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Colombia: Middle Earth

Coguí, Tayrona Village, Santa Marta.

In the very middle of Latin America sits Colombia, the country that best encapsulates the spirit of the entire continent.

It’s the only South American state with coasts on both the Pacific and Atlantic oceans and the only one connected by land to Central America. It’s an Andean nation, an Amazonian nation, a Caribbean nation, and a Pacific Rim nation. It’s territory includes beaches, jungles, deserts, alpine meadows, snowy peaks, and island archipelago.

And if Colombia’s geography is a cross section of Latin America’s landscapes, Colombians are a cross section of Latin America’s people.

Bogotá, one of Latin America's great cities.

In the big cities – especially in Bogotá – the European influence is reminiscent of Buenos Aires and parts of the Southern Cone. In the coastal north, the Afro-Caribbean culture will be familiar to travellers entering from Central America. In rural areas, including the Amazon, indigenous Colombians maintain the country’s most ancient languages and traditions, as they do in much of rural Latin America. About half of Colombians are mestizos, descended from native Americans and Spanish colonizers of the colonial period.

Several land and sea crossings connect Colombia with Central and South America. The four I have taken are Paraguachón, Cúcuta, Ipiales, and Cartagena (by sea). Of these, the most rewarding and beautiful by far was the five-day boat trip from Panama to Cartagena, stopping in the San Blas archipelago. Crossing from the Ecuador border at Ipiales was busy but relatively uncomplicated. The Venezuelan crossings at Cúcuta and Paraguachón, however, were a bit dodgy and required more attention.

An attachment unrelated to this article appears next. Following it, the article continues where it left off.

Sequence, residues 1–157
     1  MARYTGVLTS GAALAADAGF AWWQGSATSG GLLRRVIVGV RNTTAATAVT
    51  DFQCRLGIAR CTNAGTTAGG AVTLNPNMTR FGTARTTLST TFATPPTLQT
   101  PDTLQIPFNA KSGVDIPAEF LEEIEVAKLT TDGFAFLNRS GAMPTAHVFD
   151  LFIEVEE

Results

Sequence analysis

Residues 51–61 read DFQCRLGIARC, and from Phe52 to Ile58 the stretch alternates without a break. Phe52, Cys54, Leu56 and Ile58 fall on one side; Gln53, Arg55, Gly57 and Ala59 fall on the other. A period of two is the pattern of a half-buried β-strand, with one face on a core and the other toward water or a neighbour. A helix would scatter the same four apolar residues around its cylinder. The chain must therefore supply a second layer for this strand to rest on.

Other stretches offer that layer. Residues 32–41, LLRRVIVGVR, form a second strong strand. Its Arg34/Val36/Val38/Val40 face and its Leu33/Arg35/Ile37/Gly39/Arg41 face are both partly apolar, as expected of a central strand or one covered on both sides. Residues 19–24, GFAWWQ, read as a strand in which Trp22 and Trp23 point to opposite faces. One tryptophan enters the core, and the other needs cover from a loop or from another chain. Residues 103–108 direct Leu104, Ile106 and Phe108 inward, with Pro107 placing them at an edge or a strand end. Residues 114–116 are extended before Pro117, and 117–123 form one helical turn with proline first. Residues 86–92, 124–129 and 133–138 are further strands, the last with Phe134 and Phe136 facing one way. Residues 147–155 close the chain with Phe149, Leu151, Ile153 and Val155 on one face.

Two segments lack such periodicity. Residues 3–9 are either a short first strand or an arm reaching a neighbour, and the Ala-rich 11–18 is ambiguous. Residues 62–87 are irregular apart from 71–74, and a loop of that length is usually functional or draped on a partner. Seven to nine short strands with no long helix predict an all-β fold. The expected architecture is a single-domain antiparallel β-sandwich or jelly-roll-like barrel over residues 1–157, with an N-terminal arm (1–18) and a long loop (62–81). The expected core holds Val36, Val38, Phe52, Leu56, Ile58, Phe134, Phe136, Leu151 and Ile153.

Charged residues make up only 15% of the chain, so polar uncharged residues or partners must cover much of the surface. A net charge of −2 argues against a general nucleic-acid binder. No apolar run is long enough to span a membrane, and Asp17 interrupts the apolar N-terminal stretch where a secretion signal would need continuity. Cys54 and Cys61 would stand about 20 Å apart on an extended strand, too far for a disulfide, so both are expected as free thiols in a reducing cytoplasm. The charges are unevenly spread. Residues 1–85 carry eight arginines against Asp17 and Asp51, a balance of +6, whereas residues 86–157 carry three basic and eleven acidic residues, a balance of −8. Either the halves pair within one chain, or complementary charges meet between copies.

Smooth, with wide shoulders (and so is the road, he-he). Me, riding from Cartagena to Barranquilla.

Colombia will likely never live down its reputation as a troubled country. The civil war that began over half a century ago became hopelessly exacerbated by the United States’ meddling under the guise of their so-called war on drugs. Now, relentless stories of kidnappings, extortion, and murder have clouded people’s impression of Colombia and many travellers avoid it.

But if you’re willing to see beyond the exaggerated headlines and drug war propaganda you’ll discover one of the hemisphere’s most diverse, beautiful, and overlooked countries; a true microcosm of Latin America.

 

Official Name: La República de Colombia

Area: 1,138,910 km² (439,736 sq. mi.)

Population: 45 million

Capital: Bogotá

National Official Language: Spanish

Other Languages: Awa, Emberá, Guahibo, Islander Creole English

Currency: peso colombiano (COP)

Highest point: Pico Cristóbal Colón 5,776 m (18,950 ft.)

Lowest point: Pacific Ocean 0 m

 

Taganga, Santa Marta district.

 

Feature image (top of page): Nariño department, Santuario de Las Lajas, lower right.

 

© El Pedalero, 2012.

 

 

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